Aaron Swartz on the Fight for Internet Freedom
Stay up to date with the latest headlines via email.
Cyber activist and computer programmer Aaron Swartz took his life on Friday at the age of 26. We air an address of Swartz’s from last May where he speaks about the battle to defeat the Stop Online Piracy Act, orSOPA — a campaign he helped lead. "[SOPA] will have yet another name, and maybe a different excuse, and probably do its damage in a different way. But make no mistake: The enemies of the freedom to connect have not disappeared," Swartz said. "Next time they might just win. Let’s not let that happen."
AARON SWARTZ: So, for me, it all started with a phone call. It was September—not last year, but the year before that, September 2010. And I got a phone call from my friend Peter. "Aaron," he said, "there’s an amazing bill that you have to take a look at." "What is it?" I said. "It’s called COICA, the Combating Online Infringement and Counterfeiting Act." "But, Peter," I said, "I don’t care about copyright law. Maybe you’re right. Maybe Hollywood is right. But either way, what’s the big deal? I’m not going to waste my life fighting over a little issue like copyright. Healthcare, financial reform—those are the issues that I work on, not something obscure like copyright law." I could hear Peter grumbling in the background. "Look, I don’t have time to argue with you," he said, "but it doesn’t matter for right now, because this isn’t a bill about copyright." "It’s not?" "No," he said. "It’s a bill about the freedom to connect." Now I was listening.
Peter explained what you’ve all probably long since learned, that this bill would let the government devise a list of websites that Americans weren’t allowed to visit. On the next day, I came up with lots of ways to try to explain this to people. I said it was a great firewall of America. I said it was an Internet black list. I said it was online censorship. But I think it’s worth taking a step back, putting aside all the rhetoric and just thinking for a moment about how radical this bill really was. Sure, there are lots of times when the government makes rules about speech. If you slander a private figure, if you buy a television ad that lies to people, if you have a wild party that plays booming music all night, in all these cases, the government can come stop you. But this was something radically different. It wasn’t the government went to people and asked them to take down particular material that was illegal; it shut down whole websites. Essentially, it stopped Americans from communicating entirely with certain groups. There’s nothing really like it in U.S. law. If you play loud music all night, the government doesn’t slap you with an order requiring you be mute for the next couple weeks. They don’t say nobody can make any more noise inside your house. There’s a specific complaint, which they ask you to specifically remedy, and then your life goes on.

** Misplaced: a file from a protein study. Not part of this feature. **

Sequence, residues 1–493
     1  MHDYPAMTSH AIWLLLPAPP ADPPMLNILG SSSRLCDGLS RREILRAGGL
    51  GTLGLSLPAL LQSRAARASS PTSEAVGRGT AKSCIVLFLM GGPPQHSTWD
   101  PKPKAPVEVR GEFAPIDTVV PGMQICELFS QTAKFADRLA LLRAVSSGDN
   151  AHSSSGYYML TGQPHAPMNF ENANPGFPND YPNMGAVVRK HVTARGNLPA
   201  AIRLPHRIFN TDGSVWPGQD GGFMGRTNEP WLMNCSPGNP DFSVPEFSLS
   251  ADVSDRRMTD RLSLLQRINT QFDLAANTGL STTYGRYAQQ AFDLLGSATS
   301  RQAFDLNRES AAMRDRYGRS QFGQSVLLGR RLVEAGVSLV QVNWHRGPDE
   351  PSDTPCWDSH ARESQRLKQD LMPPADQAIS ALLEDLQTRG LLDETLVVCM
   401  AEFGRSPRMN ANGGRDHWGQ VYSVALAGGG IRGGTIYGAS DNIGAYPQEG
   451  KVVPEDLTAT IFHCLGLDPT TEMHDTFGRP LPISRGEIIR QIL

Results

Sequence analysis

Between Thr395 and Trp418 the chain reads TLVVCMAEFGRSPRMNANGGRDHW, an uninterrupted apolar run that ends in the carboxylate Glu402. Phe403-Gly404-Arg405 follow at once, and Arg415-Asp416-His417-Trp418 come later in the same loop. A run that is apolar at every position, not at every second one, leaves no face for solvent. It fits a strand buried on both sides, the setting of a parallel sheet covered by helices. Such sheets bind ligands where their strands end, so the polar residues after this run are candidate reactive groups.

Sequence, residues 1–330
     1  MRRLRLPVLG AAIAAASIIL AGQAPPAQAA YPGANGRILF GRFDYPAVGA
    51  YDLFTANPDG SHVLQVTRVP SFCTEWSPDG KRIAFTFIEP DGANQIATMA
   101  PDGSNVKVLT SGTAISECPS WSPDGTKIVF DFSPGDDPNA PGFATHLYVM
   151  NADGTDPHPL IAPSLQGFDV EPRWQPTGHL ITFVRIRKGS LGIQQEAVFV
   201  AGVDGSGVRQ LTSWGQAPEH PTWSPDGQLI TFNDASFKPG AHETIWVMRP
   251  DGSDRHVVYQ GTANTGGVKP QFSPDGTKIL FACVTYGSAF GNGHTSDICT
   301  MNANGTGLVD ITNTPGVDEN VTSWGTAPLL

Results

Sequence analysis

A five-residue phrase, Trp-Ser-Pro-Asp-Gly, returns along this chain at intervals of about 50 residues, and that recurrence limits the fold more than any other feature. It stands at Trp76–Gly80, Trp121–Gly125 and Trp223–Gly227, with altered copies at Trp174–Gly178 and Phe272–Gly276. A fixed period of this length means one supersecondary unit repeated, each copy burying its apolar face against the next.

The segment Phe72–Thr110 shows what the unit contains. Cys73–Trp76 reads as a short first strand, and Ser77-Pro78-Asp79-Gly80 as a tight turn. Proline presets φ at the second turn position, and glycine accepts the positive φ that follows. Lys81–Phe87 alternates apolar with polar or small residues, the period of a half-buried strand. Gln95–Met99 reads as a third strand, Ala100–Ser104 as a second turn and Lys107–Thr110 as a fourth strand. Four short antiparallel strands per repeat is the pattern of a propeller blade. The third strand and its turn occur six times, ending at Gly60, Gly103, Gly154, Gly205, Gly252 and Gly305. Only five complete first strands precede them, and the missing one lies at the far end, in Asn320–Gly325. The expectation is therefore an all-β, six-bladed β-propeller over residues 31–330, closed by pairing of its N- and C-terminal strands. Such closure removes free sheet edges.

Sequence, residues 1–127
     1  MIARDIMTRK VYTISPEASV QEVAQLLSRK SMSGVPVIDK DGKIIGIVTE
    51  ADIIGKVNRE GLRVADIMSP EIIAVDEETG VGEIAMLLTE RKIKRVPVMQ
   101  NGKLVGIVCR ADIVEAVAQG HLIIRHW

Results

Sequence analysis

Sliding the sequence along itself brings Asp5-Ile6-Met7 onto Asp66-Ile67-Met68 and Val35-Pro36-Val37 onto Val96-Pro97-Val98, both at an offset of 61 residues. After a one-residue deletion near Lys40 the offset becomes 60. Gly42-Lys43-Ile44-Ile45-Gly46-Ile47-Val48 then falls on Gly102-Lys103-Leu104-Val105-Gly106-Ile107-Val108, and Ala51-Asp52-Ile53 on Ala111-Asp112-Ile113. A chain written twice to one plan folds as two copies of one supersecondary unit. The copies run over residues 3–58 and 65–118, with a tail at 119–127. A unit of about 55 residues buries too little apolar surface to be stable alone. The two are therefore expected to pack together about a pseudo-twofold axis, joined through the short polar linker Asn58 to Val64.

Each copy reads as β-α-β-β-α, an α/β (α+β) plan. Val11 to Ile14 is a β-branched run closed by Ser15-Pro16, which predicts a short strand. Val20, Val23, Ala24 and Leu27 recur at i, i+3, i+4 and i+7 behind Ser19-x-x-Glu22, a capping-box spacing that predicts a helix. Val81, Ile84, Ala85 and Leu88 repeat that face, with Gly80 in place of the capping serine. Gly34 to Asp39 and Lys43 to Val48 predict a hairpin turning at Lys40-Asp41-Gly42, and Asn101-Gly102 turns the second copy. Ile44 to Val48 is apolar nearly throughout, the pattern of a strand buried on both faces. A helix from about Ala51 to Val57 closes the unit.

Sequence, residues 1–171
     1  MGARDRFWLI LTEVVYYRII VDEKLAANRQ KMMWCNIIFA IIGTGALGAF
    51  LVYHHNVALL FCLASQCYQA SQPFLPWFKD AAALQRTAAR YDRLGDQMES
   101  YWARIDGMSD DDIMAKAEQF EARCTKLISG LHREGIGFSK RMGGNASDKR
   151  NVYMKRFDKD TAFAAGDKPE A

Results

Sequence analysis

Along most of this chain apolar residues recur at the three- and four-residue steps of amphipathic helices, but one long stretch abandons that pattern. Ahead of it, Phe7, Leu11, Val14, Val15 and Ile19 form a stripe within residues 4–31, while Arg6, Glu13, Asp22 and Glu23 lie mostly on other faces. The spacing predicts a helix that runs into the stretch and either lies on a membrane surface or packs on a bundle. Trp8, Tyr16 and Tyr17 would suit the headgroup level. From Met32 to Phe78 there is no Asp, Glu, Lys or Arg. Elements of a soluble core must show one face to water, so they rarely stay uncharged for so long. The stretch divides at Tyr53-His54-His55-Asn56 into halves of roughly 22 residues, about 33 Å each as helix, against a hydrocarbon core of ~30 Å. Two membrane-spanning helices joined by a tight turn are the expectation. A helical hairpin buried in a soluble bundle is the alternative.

The closest example I could find was a case where the government was at war with an adult bookstore. The place kept selling pornography; the government kept getting the porn declared illegal. And then, frustrated, they decided to shut the whole bookstore down. But even that was eventually declared unconstitutional, a violation of the First Amendment.
So, you might say, surely COICA would get declared unconstitutional, as well. But I knew that the Supreme Court had a blind spot around the First Amendment, more than anything else, more than slander or libel, more than pornography, more even than child pornography. Their blind spot was copyright. When it came to copyright, it was like the part of the justices’ brains shut off, and they just totally forgot about the First Amendment. You got the sense that, deep down, they didn’t even think the First Amendment applied when copyright was at issue, which means that if you did want to censor the Internet, if you wanted to come up with some way that the government could shut down access to particular websites, this bill might be the only way to do it. If it was about pornography, it probably would get overturned by courts, just like the adult bookstore case. But if you claimed it was about copyright, it might just sneak through.